The Black Oak Community ›

Reproduced from the Landmarks Bulletin

One of the earliest settlements in DeKalb County was Black Oak, formed on a brow of Sand Mountain overlooking the Tennessee River. The surrounding thick forests abounded with deer in the plentiful undergrowth where cattle and hogs could also find ample grazing areas. Hunters found abundant game which included rabbits, raccoon, opossum, turkeys, and quail. Occasionally an unwanted black bear or panther was also seen.

Among the first families to make their homes in this wilderness were the Calahans, Sloans, Isbells, Kirtlands, Ryans, Stinsons and Stancels. The first grist mill at Grove Oak, one built by Ephraim Bridges, worked very slowly at turning the millstones. About 1838 John Hamilton built a larger grist mill on Town Creek. Later enlarged into a flour, wool carding, and lumber mill, it became known as Elrod’s Mill.

Black Oak Church founded in 1846 by “Pop” Robinson and Enoch Floyd, was an old abandoned shack where the Methodists and Baptists worshipped together. When the membership increased enough for a separate building to be needed, the Methodists retained the name for their church. For many years following the Civil War, large camp meetings and revivals were held here, with worshipers coming from miles away by means of the slow but ever dependable ox-drawn wagons. Frank Stancell, Josiah Rains and Thomas S. Rains were among the first preachers.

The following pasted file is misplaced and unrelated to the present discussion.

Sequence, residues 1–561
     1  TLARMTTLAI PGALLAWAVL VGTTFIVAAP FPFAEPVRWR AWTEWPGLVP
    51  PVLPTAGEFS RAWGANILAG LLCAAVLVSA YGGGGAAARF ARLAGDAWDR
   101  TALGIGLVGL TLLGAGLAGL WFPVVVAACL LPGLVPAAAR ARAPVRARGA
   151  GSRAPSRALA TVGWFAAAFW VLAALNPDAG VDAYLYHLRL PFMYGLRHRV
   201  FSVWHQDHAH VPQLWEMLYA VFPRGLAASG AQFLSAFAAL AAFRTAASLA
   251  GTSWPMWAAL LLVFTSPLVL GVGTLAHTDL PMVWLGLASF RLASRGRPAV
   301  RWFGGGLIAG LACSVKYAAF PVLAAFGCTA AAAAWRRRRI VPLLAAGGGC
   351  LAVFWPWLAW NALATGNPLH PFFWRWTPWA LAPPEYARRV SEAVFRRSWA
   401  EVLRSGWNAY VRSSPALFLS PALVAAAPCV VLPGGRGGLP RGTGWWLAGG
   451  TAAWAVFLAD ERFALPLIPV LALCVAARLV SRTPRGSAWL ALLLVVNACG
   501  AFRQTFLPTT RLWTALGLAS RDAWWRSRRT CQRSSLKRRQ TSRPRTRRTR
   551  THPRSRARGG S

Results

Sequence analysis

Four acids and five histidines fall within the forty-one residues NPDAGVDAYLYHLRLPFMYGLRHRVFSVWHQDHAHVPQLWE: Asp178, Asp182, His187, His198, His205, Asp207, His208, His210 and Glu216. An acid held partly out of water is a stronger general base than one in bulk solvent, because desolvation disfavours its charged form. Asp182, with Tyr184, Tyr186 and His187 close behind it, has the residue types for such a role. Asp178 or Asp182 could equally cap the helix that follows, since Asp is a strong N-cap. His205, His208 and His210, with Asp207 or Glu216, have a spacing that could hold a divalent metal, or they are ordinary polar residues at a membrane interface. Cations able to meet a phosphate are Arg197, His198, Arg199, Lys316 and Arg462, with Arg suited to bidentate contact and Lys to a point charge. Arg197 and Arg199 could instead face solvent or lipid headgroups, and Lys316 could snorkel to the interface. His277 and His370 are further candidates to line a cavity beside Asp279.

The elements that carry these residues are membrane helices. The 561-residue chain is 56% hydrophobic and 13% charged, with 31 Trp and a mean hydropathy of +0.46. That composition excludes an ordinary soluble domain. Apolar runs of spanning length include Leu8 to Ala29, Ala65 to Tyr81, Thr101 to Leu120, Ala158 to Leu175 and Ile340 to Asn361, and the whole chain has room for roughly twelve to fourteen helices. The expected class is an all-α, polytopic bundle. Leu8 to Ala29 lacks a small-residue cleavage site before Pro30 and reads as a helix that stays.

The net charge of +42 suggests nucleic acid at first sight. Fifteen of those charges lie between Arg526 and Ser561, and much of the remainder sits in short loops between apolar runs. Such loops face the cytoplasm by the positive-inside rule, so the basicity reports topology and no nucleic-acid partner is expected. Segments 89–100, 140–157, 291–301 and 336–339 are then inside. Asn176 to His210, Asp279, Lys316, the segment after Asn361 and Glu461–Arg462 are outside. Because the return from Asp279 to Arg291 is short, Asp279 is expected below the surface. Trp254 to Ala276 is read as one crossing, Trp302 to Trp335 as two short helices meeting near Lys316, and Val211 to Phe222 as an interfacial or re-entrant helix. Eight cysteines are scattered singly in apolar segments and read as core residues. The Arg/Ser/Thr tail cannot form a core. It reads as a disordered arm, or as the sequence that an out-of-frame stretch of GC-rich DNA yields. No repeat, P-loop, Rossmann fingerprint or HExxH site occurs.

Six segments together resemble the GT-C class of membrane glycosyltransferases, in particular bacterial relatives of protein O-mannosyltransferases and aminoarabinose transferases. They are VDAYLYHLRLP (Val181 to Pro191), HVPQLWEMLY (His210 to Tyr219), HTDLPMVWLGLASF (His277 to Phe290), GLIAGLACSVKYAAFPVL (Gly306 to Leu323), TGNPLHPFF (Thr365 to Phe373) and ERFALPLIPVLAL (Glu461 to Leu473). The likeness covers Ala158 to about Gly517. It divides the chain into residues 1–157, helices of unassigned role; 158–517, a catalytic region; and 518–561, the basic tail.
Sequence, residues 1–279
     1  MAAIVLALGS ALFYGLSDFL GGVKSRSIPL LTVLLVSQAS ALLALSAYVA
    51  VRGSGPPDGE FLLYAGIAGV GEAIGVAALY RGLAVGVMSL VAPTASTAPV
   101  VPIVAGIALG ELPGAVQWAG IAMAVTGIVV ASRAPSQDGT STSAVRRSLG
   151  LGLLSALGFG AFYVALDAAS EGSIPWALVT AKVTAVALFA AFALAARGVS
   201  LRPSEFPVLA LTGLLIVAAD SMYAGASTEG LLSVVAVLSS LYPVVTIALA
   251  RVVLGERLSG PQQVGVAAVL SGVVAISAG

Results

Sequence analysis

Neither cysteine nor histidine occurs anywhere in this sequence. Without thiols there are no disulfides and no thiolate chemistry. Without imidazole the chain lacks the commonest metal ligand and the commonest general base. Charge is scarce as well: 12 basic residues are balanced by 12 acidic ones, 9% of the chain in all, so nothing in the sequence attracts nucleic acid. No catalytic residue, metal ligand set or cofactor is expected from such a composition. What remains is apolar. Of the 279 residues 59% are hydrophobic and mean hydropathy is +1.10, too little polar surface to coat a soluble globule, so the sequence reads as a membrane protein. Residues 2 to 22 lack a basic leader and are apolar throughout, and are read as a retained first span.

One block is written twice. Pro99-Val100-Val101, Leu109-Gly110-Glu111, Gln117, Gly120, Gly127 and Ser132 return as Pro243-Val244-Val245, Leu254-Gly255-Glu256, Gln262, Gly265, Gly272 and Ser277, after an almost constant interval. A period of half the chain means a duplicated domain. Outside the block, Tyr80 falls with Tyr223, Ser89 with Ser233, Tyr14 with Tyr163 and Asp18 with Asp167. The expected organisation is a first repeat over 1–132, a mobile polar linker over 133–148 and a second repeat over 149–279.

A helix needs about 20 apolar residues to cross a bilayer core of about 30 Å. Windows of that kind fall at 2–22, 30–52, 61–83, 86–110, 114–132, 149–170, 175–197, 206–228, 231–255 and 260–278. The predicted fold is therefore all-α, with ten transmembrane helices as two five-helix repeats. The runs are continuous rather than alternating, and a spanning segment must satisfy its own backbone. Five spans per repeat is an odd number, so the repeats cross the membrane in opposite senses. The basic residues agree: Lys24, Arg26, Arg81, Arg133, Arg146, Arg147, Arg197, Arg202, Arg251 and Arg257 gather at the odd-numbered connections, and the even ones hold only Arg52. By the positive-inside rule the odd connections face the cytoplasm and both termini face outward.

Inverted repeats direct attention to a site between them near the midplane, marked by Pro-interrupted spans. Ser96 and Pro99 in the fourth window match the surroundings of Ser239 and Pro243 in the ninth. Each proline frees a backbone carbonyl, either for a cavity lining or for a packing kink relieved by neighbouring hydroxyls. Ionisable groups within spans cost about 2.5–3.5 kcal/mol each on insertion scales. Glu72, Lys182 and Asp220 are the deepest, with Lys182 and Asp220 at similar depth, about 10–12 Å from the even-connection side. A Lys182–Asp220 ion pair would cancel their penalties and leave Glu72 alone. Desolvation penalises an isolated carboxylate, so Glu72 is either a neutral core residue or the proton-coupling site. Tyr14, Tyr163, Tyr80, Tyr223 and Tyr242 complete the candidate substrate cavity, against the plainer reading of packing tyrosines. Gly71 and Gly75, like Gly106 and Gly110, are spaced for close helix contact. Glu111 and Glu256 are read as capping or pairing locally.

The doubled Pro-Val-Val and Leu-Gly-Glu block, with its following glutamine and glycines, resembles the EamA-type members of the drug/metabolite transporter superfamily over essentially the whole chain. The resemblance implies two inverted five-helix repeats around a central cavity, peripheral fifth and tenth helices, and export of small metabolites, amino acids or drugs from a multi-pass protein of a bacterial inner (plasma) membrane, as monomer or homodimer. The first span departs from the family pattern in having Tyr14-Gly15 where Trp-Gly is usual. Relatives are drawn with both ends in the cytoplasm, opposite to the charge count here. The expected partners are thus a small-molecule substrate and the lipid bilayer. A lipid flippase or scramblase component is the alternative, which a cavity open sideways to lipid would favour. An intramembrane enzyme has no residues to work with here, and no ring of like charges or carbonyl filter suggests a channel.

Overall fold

Schools were the typical tuition type, with teachers soliciting their pupils to attend classes during the summer months in improvised structures with slab benches. John L.A. Brown, Daniel McCurry, Reuben Kirtland and George Kirtland were amont the first teachers.

The first post office at Black Oak was established in 1812 with Samuel G. Gilbreath as postmaster. Other postmasters, before the post office was discontinued in 1905, were J.J. Gilbreath, Warren E. Durham, Alexander Graves, Patrick H. Hansard and Absalom C. Howard.

Around the turn of the century some of the leading families, amont them the Ryans, Stancels and Stinsons, moved away. Thomas Ryan and his family settled in Los Angeles, where they operated an aeronautics company. It was there that T. Claud Ryan designed Charles Lindberg’s Spirit of St. Louis.

The Stinson family, after living for a short time in Fort Payne moved to Detroit, Michigan. Eddie and his sister, Catherine, both became noted aviators, she being one of the first women flyers ever licensed. Around 1920 Catherine visited Fort Payne, using Dr. Duff’s farm as a landing field. Eddie, who won numerous prizes and awards as a stunt flyer, was killed in a crash in Detroit in 1933. Both these aviators are well known to students of aviation history.

Other prominent people who came from this little Sand Mountain community include former congressman Albert Rains, musician and composer V.O. Fossett and mathematician Wayman Strother.